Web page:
Why is my protein’s N-terminal blocked (and what can I do about it)?

Aug 31. 2017


Does a blocked N-terminal hinder Edman degradation?

I found that the N-terminal of my protein is blocked. So, how can I analyze it by Edman degradation / n-terminal sequencing – and what causes the problems?


To sequence the protein N-terminal is a requirement according to the ICH Q6B Guideline. This includes structural characterization of recombinant proteins for clinical testing, and demonstration of comparability and consistency between cGMP batches [1].

50% of proteins run into Edman degradation problems

It is estimated that almost half of all proteins cannot be directly sequenced by Edman degradation – because of problems with a blocked N-terminal residue. Thus, you obtain no sequence data if the N-terminus is blocked – either naturally or as a result of sample processing [2].

One of the frequent Edman degradation problems is modification of the N-terminal residue in such a way that it no longer reacts with the Edman reagent phenyl isothiocyanate. For example, the blocked N-terminal residue may be an N-acetyl amino acid. It could also be a glycosylated amino acid, or a pyrrolidone carboxylate group [2, 3].

Problems of N- and C-terminal Sequencing and protein sequence analysis by Edman degradation

Of these, you encounter proteins with an acetylated amino acid most frequently. Evidence suggest that about 80% of the soluble proteins in mammalian cells have acetylated N-terminal amino acids [2].

Examples of covalently modification of the N-terminal amino group of a polypeptide

  • acetylation − C( = O) − CH3 : Eliminates the positive charge on the N-terminal amino group by changing it to an acetyl group.
  • formylation − C( = O)H : The N-terminal methionine usually found after translation has an N-terminus blocked with a formyl group.
  • Pyroglutamate:  An N-terminal glutamine can attack itself, forming a cyclic pyroglutamate group.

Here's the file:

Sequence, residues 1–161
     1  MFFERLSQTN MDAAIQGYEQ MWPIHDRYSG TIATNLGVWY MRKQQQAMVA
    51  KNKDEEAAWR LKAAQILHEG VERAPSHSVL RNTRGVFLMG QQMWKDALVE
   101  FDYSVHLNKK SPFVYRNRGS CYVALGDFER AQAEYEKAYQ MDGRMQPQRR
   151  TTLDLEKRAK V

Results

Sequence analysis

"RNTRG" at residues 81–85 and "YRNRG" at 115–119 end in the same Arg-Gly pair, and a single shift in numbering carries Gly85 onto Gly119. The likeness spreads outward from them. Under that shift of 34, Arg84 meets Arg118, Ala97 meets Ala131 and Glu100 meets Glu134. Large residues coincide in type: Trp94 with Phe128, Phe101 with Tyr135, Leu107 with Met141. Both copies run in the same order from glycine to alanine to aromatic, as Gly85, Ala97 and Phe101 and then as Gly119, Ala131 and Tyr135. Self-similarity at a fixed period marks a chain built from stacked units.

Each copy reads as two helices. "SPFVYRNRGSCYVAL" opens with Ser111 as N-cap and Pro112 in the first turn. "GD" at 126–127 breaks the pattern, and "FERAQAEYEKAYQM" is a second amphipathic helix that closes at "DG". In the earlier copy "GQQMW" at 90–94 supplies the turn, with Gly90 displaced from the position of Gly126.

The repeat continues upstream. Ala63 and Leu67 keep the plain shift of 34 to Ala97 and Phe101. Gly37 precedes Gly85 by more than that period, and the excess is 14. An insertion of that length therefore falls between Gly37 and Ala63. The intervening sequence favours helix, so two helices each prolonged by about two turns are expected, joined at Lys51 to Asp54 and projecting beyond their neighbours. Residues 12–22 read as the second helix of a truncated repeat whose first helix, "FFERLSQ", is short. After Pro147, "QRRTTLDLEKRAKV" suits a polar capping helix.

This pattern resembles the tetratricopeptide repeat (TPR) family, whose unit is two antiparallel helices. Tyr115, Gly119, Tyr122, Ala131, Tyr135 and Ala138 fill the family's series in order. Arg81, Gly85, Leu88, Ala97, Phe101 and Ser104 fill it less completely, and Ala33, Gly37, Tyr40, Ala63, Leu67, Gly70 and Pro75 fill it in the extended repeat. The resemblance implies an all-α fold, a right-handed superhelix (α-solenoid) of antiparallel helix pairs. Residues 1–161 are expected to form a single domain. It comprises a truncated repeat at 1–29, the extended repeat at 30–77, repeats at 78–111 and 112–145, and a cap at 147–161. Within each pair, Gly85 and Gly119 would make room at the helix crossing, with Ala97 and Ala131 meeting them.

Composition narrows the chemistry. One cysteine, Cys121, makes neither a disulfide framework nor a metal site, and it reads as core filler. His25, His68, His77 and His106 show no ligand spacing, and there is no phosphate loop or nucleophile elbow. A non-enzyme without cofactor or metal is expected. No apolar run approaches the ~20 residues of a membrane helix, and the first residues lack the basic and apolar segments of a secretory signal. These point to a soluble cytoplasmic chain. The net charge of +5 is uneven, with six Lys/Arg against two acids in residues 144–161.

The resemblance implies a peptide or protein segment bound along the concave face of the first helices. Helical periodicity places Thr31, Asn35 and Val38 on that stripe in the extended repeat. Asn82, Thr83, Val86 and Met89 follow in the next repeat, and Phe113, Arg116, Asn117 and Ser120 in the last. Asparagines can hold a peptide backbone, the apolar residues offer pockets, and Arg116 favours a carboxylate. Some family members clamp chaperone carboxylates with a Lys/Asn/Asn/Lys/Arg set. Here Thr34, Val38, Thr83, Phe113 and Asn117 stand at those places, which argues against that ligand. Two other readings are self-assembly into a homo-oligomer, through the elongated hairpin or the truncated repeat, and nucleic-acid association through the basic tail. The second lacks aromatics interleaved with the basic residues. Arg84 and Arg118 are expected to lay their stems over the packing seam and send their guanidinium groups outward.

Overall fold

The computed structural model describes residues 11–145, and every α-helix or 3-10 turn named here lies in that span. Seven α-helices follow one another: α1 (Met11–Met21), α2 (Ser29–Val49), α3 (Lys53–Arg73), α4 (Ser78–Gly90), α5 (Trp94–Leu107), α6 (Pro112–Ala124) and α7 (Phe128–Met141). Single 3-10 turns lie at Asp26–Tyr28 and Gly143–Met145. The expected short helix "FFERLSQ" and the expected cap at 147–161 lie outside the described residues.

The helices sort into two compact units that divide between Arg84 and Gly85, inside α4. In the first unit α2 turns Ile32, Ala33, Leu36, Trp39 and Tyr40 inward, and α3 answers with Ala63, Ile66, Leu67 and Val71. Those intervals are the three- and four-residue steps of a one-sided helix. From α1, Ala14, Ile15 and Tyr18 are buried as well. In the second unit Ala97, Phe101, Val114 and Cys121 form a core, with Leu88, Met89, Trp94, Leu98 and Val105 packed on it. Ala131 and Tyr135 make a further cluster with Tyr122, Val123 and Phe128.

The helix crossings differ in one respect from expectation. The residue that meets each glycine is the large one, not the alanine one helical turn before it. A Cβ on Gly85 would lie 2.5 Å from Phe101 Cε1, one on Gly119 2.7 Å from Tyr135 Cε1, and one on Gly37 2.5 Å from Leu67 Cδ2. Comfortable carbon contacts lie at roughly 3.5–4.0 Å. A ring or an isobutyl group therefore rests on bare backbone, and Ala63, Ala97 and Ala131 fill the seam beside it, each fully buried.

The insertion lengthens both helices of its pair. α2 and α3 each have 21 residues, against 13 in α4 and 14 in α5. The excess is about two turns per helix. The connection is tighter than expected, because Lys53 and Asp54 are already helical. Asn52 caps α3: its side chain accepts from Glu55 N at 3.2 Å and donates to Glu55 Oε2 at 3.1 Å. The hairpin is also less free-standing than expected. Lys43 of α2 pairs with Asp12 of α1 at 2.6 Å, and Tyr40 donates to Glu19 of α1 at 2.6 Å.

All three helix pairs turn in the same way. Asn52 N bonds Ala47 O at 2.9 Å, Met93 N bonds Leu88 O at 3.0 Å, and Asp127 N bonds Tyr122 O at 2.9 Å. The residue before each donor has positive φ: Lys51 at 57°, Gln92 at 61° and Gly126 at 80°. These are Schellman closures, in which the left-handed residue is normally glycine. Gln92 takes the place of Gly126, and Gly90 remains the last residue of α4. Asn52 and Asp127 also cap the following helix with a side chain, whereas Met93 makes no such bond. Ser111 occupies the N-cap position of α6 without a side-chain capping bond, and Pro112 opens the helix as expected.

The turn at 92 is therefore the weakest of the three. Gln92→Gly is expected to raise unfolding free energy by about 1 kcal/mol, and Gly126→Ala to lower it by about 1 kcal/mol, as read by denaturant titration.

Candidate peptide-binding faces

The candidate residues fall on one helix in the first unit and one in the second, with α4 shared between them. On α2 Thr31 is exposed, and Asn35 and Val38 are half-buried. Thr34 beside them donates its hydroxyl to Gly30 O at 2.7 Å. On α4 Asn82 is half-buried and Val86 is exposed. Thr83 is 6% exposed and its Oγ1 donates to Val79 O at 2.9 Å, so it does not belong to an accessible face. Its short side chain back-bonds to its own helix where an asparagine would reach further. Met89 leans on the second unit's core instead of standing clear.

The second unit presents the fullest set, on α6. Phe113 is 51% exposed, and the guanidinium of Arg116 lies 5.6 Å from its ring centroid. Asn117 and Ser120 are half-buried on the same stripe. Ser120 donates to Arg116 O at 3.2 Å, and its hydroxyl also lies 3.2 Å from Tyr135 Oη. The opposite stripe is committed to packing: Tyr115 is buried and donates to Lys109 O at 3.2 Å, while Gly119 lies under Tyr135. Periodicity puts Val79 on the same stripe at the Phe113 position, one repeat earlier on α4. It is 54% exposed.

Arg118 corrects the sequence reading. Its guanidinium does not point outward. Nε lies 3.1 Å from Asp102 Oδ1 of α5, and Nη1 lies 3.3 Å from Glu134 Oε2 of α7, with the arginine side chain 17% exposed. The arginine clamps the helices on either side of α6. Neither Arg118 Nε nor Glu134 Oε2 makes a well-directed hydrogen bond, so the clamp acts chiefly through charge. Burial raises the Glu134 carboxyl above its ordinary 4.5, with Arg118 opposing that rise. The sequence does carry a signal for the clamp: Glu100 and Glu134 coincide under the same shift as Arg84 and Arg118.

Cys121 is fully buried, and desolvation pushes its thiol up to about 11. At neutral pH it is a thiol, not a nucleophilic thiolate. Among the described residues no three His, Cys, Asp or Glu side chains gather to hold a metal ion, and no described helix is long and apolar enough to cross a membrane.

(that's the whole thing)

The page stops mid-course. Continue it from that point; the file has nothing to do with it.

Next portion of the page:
N-terminal block also occurs after isolation during sample manipulation

These following steps can help prevent Edman degradation problems:

  1. Allow the gel to polymerize well. You need to do this since the free acrylamide might alkylate some amino acids.
  2. Use a reducing agent in the electrophoresis running buffer. (Either sodium thioglycolate (0.1 to 1 mM) or 10 mM reduced glutathione).
  3. Avoid addition of acetic acid in your staining buffer [3].

Learn more about Protein Sequencing and Sequencing Blocked N-terminals on the Alphalyse website.


For more information about Edman degradation and possible problems, we recommend the following articles:

[1]          European Medicines Agency: “ICH Topic Q6B Specifications: Test Procedures and Acceptance Criteria for Biotechnological/Biological Products“, 1999

[2]          Wellner et al: Sequencing of peptides and proteins with blocked N-terminal amino acids: N-acetylserine or N-acetylthreonine“, Proceedings of the National Academy of Sciences of the United States of America, 1990

[3]          Fowler et al: Removal of N‐Terminal Blocking Groups from Proteins“, Current Protocols in Protein Science, 1996

More posts about N- and C-Terminal Protein Sequencing
  • Optimize PVDF membrane electroblotting for N-terminal Edman sequencing

  • Preparing samples for N- and C-terminal sequencing by MALDI ISD

  • Protein N-terminal and C-terminal sequencing of proteins

    3 Techniques to find the protein N- and C-terminal sequence

  • Why is my protein’s N-terminal blocked (and what can I do about it)?

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